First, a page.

Cyber Essentials 2023 – The arrival of Montpellier!
Cyber security is an essential aspect of any business today. With the rise of digital technologies and the widespread use of the internet, businesses are exposed to various cyber threats that can harm their operations, reputation, and customers. Cyber Essentials is a program designed to help businesses protect themselves against cyber-attacks. In this blog, we will explore Cyber Essentials r and how it can benefit your business.
What is Cyber Essentials?
Cyber Essentials is a UK government-backed certification program that helps businesses protect themselves against cyber threats. The program provides a set of security standards that businesses can follow to secure their IT systems and data. By implementing these standards, businesses can reduce their risk of cyber-attacks, data breaches, and other security incidents.
The arrival of Montpellier!
The NCSC published that an updated set of requirements for Cyber Essentials will come into play on the 24th of April 2023. Version 3.1 will be known as Montpellier and replace version 3.0 Evendine. Some of the key changes in the release of Montpellier are listed below.
We’ll start with changes that have been implemented with immediate effect, and have involved a change in assessment of the following questions currently active on the portal:
- A2.4 Please list the quantities of laptops, desktops and virtual desktops within the scope of this assessment.
- A2.6 Please list the quantities of tablets and mobile devices within the scope of this assessment.
The model is no longer required when answering the above questions, the make and operating system will be sufficient. Also, Thin clients must now also be listed with their make and operating system.
This will be beneficial to larger companies that use device management solutions that do not record device models. However, for question A2.8, it is still required to list the make and model for network equipment.
One of the most surprising changes is the easing of Multi Factor Authentication requirements, i.e. applicants cannot fail by choosing not to apply MFA unless additional non-compliant responses have also been submitted.
For BYOD, personal devices of employees, volunteers, trustees, and university research assistants are all in-scope if they access company information or services. Whereas those devices owned by students, MSP administrators, third-party contractors and customers are not in-scope, even if they access company information or services.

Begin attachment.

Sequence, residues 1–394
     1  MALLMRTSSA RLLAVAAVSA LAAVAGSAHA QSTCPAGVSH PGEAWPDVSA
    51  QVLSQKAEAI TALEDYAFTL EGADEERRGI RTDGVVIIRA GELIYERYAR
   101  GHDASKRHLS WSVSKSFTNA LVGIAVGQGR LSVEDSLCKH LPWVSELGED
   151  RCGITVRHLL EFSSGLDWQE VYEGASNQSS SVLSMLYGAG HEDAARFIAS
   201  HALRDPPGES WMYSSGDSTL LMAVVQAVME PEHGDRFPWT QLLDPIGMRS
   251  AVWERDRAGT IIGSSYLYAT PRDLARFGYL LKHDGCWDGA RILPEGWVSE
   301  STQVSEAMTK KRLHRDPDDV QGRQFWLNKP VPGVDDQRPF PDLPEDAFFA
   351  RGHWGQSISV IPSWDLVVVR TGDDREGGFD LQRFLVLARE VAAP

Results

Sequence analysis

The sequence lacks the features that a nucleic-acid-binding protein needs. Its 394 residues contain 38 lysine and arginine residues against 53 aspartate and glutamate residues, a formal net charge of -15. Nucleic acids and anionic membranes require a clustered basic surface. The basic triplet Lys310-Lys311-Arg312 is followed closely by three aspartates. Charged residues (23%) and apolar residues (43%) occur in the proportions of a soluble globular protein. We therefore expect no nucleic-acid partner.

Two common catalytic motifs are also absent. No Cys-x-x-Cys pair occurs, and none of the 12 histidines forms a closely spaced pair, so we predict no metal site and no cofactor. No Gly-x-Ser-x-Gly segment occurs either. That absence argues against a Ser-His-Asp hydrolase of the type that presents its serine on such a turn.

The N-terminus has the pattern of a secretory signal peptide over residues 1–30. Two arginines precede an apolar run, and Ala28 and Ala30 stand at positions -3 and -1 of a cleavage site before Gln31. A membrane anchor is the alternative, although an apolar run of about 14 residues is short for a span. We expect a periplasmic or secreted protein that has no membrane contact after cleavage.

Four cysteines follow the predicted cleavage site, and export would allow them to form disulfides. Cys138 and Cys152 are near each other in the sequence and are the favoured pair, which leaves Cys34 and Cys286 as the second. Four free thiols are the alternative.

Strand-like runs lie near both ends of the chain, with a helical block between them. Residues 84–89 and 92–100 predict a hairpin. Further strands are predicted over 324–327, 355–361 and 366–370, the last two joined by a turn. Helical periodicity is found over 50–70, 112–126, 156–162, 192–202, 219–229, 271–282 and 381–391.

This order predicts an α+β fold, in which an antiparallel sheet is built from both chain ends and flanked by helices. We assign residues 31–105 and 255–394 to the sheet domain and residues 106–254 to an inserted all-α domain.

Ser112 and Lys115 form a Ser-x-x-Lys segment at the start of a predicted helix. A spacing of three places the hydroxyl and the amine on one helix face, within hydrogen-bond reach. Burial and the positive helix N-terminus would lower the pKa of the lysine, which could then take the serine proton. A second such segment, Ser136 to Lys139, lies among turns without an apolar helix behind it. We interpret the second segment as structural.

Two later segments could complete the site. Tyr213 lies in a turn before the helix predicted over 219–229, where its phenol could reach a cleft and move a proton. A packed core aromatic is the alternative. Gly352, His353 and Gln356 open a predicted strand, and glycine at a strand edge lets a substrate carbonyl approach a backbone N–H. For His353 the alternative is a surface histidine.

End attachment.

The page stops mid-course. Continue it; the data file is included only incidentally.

The definition of ‘software’ has been updated, which now includes firmware. Following on from this, when it comes to firewalls and routers, the applicant will only need to list the make and model, the specific version of firmware will not be required.
Asset management will now be including in Cyber Essentials, The requirements clarify that asset management doesn’t mean making lists or databases that are never used, it means creating, establishing and maintaining authoritative and accurate information about your assets that enables both day-to-day operations and efficient decision making when you need it.
Clarification on including third party devices, please see below table:
The device unlocking section has been updated to reflect that some configurations cannot be altered because of vendor restrictions. Sometimes, an applicant might be using a device where there are no options to change the configuration to meet the Cyber Essentials requirements. One example of this is locking the device after 10 failed sign-in attempts. Samsung, possibly the largest provider of smartphones in the world, have set their minimum sign-in attempts at 15, with no option to alter this number. So, in this instance, Cyber Essentials would require that the applicant goes with the minimum number sign-in attempts allowed by the device before locking.
The malware protection section has changed, applicants must ensure that malware protection mechanism is active on all devices in scope. For each device you must use at least one of the options below:
- Be updated in line with vendor recommendations
- Prevent malware from running
- Prevent the execution of malicious code
- Prevent connections to malicious websites over the internet
- Actively approve such applications before deploying them to devices
- Maintain a current list of approved applications, users must not be able to install any application that is unsigned or has an invalid signature
All in all, the release of Montpellier conveys that Cyber Essentials is evolving with the ever changing cyber space, and hopefully continues to be a valuable scheme for businesses looking to improve their cyber security. By implementing the controls required for certification, businesses can reduce their risk of a cyber-attack, enhance their reputation, and gain a competitive advantage.
Let us help you to get certified!
We are an accredited Cyber Essentials Certification Body and have a 100% record of successfully certifying Organisations for Cyber Essentials & Cyber Essentials Plus.
For more information please contact us on 0161 706 0244 or email firstname.lastname@example.org to speak with a member of the team.